RFID technology thwarts bird's nest counterfeiters
One of the most coveted beauty products in Asia is found inside a damp and dark three storey house in southern Malaysia's Johor state.
A worker at the swiftlet farm carefully scrapes a small white bird's nest off a rafter.
The delicacy is spun from saliva and it will soon land in someone's soup, as people in China believe that eating bird's nest is good for their skin and they're willing to pay up to US$100 just for a handful.
It's a lucrative industry and counterfeits have flooded the market.
Safety concerns last July effectively halted all exports of bird's nests to China from Malaysia, the world's second biggest supplier of the delicacy.
The Malaysian agricultural ministry says its edible bird's nest industry is worth RM5b ($1.59bn; £1.01bn).
That is why the government is now investing in Radio Frequency Identification (RFID) to boost consumer confidence. It's one of the most common reasons why Asian governments use the technology.
RFID allows a product to be easily tracked from the source to the consumer.
The bird's nests can be sealed in a box with an RFID tag that contains a microchip embedded with details about the harvest. A handheld scanner emits a radio frequency to unlock that information.
It may sound similar to barcodes, but RFID tags are said to be harder to duplicate.
Certificate of authenticity
Counterfeit bird's nests have affected producers like Yanming Resources. At its factory in Kuala Lumpur, more than a dozen women are sifting through the delicacy strand by strand.
Each worker is armed with a set of tweezer to pull out every piece of feather and speck of dirt. The final product can only contain saliva.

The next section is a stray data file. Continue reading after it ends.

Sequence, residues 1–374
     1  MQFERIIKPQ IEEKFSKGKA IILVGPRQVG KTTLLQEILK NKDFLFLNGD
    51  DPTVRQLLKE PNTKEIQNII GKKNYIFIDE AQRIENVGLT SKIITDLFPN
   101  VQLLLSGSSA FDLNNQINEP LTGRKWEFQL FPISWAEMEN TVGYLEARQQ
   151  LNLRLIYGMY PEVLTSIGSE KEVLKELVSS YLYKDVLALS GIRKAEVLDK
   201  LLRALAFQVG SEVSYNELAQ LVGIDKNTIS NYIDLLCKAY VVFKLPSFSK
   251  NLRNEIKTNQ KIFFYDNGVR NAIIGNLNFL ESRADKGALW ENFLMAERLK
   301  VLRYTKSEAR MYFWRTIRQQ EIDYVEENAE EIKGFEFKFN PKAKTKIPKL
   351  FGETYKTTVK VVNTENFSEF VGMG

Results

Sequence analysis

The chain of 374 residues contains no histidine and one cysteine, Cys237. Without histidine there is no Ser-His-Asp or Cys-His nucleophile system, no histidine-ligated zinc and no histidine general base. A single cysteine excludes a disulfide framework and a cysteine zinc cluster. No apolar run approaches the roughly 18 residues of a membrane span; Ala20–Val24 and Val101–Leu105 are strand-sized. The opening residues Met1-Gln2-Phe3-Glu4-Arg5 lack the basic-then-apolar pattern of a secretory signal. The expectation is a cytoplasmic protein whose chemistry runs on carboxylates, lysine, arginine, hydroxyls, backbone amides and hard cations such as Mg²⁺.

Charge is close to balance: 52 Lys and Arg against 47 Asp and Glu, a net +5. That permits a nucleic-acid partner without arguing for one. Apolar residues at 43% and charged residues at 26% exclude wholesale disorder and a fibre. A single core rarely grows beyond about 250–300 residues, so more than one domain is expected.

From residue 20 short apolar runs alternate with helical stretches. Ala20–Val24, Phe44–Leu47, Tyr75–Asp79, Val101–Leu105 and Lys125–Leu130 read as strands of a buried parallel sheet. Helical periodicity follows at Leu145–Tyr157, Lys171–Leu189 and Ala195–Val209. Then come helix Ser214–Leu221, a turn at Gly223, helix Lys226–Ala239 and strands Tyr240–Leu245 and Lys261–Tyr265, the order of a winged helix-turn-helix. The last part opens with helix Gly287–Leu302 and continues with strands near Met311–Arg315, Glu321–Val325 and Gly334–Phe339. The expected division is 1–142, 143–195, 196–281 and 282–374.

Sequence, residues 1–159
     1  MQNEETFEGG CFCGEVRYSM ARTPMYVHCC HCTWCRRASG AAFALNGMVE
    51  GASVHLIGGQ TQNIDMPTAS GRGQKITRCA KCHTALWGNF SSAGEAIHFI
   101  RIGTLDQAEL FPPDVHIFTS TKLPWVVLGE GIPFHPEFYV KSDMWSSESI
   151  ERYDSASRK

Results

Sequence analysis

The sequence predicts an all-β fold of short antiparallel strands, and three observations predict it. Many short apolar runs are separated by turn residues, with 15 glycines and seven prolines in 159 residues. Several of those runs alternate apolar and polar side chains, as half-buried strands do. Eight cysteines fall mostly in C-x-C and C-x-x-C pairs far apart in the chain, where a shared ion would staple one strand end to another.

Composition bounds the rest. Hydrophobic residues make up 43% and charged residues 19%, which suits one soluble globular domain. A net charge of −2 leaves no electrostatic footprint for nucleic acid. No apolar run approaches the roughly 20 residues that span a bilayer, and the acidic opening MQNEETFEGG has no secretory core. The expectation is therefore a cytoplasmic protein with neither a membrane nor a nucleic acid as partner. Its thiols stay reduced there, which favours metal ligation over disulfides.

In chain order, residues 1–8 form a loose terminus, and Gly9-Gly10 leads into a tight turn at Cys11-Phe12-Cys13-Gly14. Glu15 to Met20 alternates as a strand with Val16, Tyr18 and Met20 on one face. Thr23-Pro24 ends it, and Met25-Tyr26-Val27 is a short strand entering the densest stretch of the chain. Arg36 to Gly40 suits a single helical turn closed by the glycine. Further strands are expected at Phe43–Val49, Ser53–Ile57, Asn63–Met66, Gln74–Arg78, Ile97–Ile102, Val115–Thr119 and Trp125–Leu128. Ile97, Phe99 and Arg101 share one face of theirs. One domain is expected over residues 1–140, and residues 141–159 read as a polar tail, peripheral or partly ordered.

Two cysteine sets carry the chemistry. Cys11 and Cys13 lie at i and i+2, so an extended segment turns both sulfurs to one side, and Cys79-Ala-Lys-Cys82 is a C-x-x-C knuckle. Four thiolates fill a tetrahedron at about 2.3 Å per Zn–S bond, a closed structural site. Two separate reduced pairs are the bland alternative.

Still, it is hard for consumers to tell if a bird's nest is real or not so the company has been forced to lower prices in order to compete with counterfeits.
But with RFID, every step of this laborious process, from harvesting to packaging, is tagged. The data is stored centrally with the government. This official support will be key for consumers.
In essence the RFID becomes a certificate of authenticity, says Yow Lock Sen, who is in charge of overseeing the government project.
The system is still being perfected, but eventually customers who have safety concerns will be able to trace the origins of the product by simply downloading a free app onto a smartphone, and scanning the RFID tag on the product.
Although it is a government research project, participation from the industry is voluntary since it requires companies to buy the RFID tags and reading equipment.
Yanming Resources's Chua Huai Gen says it's a good investment.
"With the RFID technology, consumers will know that they are getting the real thing, so we can mark up our prices by 50%," he says.
Malaysians seem willing to pay a premium for safety.
One of Kuala Lumpur's most luxurious private hospitals charges up to 100 times more than government facilities to deliver babies.
But the Prince Court Medical Centre also uses RFID technology to prevent baby mix-ups.